They can then specify how to filter the targets based on these criteria. They can hit up to three targets that are greater than this threshold or hit the highest value target. From that, the image processing software automatically determines the center of the target, as well as the distance to the target using stereo.

This is a tremendous boon to the science on the rover. Here’s a breakdown of the onboard process for the MSL. 👇

Onboard process for MSL

Dynamic targeting: SMICES ice hunting radar

This is another example of the kind of autonomous dynamic targeting we'd like to do. For this mission to work we’d have a spacecraft flying over the earth. We’d then use machine learning to learn a classifier for deep convective ice storms. As the spacecraft is flying over the earth, it looks ahead with its radiometer instrument and tries to find these deep convective ice storms.

Dynamic targeting: SMICES ice hunting radar

These deep convected ice storms are found in the darkest reds on the image above. It has a radar that it can turn on which can then target the darkest reds. It takes a lot of energy to take these measurements, so we're saving the radar for the most important science targets. This allows the mission to be much more energy-efficient and much more target efficient.

We get better science and a better bang for the buck!

Broad sweeps vs targeted sweeps

This kind of smart targeting is not just on Earth and on Mars. We work on this fantastic European Space Agency mission called Rosetta, which is where we studied a comet. For this, we had to plan out these activities weeks or months in advance. We wouldn't know if the comment was going to be out these plumes like the dust devils on Mars.


What we'd like to do is have this narrow field of view instrument called MIRO. It’s a microwave instrument that tells us about the composition of the gas and the plume. But since we don't know exactly where the comet is going to be and where the plume is going to be weeks in advance, we just did these broad sweeps across the whole area.

That leads to us getting a lot of data, but we don't have a very good temporal evolution of the data. We'd like to do a targeted sweep across one of these plumes. We’d like to track its evolution as it rotates into the sun, honing in on the plumes as they form and disappear.

Plume Detection Rosetta (OSIRIS)

We developed machine learning techniques to do exactly this. This is a sequence of about 12 hours of data. Each frame is about 20 minutes apart. And as you can see in the image below, those lines are tracking the plumes using edge extraction. We could track the plumes and take those targeted measurements that I'm talking about.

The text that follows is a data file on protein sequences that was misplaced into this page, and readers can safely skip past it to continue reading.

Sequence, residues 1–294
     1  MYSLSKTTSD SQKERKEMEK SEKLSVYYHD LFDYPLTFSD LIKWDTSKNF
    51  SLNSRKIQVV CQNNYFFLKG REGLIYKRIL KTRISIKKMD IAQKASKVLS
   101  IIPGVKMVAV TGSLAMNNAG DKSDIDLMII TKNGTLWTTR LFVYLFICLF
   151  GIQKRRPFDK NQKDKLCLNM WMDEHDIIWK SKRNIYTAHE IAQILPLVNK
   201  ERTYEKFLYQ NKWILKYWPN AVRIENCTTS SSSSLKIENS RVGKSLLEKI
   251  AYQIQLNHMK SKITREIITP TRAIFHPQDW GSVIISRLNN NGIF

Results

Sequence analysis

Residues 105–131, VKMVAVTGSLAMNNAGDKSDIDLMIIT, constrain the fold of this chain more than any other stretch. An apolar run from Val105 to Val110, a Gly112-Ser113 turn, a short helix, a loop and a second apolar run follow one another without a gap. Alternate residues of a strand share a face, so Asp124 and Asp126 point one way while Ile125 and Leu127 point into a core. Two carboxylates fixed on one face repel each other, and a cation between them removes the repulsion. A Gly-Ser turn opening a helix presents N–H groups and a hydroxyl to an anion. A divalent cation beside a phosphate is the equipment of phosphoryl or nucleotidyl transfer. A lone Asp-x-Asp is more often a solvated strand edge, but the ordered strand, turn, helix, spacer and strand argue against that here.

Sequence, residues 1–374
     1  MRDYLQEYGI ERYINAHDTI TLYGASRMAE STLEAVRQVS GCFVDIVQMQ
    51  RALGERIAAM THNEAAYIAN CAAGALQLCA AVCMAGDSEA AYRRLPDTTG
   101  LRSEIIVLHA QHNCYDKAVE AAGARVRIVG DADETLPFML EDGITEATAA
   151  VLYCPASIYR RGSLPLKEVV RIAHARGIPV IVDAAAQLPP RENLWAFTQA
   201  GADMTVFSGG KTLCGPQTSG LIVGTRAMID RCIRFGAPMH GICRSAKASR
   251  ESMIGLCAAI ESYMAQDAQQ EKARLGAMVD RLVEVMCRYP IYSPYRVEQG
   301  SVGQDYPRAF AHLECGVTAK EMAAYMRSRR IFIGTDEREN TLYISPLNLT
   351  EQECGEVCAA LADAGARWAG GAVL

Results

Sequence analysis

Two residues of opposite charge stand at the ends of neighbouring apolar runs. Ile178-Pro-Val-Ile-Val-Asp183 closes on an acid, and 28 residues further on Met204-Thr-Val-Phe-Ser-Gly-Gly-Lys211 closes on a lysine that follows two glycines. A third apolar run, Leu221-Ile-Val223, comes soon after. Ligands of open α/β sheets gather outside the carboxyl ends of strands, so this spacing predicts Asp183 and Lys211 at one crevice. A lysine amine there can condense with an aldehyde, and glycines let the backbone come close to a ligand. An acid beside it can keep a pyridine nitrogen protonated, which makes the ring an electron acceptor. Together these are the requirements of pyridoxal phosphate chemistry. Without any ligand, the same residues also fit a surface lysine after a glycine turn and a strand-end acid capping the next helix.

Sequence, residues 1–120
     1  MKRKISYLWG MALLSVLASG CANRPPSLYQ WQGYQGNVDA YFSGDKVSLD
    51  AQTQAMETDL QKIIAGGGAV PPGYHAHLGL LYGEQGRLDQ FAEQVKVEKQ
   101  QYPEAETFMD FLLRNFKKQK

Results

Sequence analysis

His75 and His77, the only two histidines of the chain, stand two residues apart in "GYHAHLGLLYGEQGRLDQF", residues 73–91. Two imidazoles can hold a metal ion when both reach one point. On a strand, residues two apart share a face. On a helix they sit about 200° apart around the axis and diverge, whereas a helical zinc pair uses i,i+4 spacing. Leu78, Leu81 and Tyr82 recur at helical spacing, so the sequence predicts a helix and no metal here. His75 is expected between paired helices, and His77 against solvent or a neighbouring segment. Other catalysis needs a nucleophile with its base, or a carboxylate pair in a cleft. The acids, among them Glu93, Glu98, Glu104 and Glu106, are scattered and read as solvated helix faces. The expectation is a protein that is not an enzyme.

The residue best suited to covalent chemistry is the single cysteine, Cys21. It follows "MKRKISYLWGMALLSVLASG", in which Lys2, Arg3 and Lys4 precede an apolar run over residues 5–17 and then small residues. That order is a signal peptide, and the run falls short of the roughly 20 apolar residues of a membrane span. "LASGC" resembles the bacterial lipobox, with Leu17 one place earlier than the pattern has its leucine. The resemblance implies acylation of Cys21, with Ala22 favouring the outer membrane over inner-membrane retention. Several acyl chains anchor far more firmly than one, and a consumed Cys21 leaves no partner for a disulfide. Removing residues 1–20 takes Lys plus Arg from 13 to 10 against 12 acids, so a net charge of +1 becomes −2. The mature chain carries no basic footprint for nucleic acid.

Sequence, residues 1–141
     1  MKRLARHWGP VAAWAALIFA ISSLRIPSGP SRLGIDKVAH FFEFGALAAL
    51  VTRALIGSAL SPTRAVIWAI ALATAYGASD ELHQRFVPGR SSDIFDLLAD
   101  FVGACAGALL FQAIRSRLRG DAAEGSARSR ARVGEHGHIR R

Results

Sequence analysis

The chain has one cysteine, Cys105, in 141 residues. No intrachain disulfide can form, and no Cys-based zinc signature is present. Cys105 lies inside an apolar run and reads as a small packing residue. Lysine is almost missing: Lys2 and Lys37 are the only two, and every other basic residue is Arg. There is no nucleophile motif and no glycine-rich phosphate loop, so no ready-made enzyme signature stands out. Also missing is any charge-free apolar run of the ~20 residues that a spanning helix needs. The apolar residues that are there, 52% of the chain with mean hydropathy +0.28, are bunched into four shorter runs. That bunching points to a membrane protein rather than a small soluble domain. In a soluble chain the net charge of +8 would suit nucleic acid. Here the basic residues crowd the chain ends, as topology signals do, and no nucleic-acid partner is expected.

Plume detection Rosetta OSIRIS

Computer vision in the search for extraterrestrial life

I’m going to finish with a topic that's really near and dear to my heart. If we send the mission to one of the outer planets, let's say one of the moons of Saturn, we are going to have to be very efficient in the data we bring back because we're sending it from billions and billions of miles away. It's very hard to send that data.

We've been looking at machine learning techniques that would enable us to do that. One of these is called ‘unsupervised learning.’

Unsupervised learning

Consider the following experiment: when a summer intern was flying across the country, we had them take hundreds of images out of the side of the airplane. We then clustered those images according to certain visual features, and then we tried to classify them using unsupervised learning. It turns out, if you have the right features, you can create clusters, such as clouds, oceans, plains, and mountains.

Clustering and metric learning of aerial imagery

What we want to do is take those clusters and have them act as ‘keys’ to our map. This is a tremendously efficient way to send data.

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Interested in the whole presentation? Download Steve's slides below:

Computer Vision, Machine Learning, and Artificial Intelligence for Space Exploration and Science
Dr Steve Chien, Senior Research Scientist at JPL Laboratory, outlines the uses & benefits of Computer Vision, Machine Learning & AI.